Rerouting of Exe Estuary Trail ‘not a priority’
PUBLISHED: 09:00 05 April 2014
Lympstone residents have been told that the Exe Estuary Trail through their village will not yet be rerouted, despite their concerns over safety.
However, they have been invited to look at potential issues with a new route next to the railway line to see if they could be resolved.
Villagers have been warning Devon County Council for several years about the problems with the trail, which directs cyclists along the village’s roads, and have made a record of dozens of accidents and near misses, which have occurred with cars and pedestrians.
However, campaigners and parish councillors have now been told that only incidents reported to the police, of which there has only been one, can be considered. They have also been told that rerouting the trail is not seen as a priority.
The council does intend to look at educating cyclists, and installing rumble strips to slow them down.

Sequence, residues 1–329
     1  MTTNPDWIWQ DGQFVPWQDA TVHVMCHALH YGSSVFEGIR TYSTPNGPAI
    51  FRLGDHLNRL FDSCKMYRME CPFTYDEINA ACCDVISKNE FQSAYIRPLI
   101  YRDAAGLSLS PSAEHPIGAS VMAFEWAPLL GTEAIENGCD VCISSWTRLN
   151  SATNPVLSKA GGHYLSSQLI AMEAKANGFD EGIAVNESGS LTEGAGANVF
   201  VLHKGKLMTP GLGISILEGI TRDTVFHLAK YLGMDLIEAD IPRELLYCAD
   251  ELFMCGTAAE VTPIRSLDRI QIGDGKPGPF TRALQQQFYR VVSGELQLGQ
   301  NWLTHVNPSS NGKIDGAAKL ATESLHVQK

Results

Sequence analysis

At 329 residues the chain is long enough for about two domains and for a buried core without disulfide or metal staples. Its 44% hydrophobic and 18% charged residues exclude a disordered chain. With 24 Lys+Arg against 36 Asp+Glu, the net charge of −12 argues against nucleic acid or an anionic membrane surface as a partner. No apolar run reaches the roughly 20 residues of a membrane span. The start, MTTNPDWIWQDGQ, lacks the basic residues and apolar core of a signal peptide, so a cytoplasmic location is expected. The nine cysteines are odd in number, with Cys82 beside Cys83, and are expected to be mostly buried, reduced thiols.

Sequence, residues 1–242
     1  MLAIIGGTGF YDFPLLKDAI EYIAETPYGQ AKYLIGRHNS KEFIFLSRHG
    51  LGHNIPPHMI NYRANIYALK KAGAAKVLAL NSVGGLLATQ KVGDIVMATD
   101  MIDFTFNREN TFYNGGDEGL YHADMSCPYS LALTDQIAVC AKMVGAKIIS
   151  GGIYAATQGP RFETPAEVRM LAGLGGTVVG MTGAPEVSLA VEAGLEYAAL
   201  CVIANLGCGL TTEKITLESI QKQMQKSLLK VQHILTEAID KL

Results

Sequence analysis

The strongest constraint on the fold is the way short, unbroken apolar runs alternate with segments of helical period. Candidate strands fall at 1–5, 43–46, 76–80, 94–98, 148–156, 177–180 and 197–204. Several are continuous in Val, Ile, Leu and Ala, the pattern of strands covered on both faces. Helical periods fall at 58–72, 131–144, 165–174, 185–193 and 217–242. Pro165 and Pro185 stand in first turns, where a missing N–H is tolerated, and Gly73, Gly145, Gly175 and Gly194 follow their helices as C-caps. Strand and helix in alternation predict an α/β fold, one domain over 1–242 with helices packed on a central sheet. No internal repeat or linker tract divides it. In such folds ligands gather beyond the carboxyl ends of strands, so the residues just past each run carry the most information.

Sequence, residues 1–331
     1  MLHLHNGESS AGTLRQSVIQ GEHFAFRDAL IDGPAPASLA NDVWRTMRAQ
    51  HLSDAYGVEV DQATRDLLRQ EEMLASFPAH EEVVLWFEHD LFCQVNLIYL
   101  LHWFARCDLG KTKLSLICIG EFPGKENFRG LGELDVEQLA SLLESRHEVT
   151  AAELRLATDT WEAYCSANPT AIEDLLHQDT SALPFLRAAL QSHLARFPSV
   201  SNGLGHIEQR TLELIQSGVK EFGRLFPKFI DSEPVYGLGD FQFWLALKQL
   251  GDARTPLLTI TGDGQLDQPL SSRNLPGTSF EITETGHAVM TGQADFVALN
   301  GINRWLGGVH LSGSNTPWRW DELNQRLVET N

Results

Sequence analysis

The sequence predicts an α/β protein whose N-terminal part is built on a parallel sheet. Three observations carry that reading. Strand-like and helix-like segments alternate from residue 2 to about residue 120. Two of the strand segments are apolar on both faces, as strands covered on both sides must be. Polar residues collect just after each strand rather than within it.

However, campaigners, who handed a 265-signature petition for change to the council last month, are not convinced and have requested information from the council before considering their next move.
Chairman of the Lympstone Trail Action Group Judith Carter said: “There are problems with rumble strips, as they are not good for bikes and they make a lot of noise.
“We are not too happy, as we can see the number of cyclists and the number of people coming to the village increasing year-on-year, with more trails being linked, which will make the situation worse, so we still have big concerns.”
A DCC spokesman said it relied on police accident information to ensure that a consistent approach was taken across the county.
He added: “The county council recognised that it would help to slow cyclists down. The parish council was asked to consider a package of speed reduction measures including some form of rumble strips on the road and raising awareness with cycling groups.
“The county council pointed out the very significant challenges with an alternative route. For example, issues of land acquisition, potential conflict with future aspirations for a rail passing loop, the limited width on some sections of the alternative route and the sourcing of funds.
“Given the current priorities of the county council, the parish was invited to work on these issues to see if solutions could be developed that would enable a scheme to progress.”
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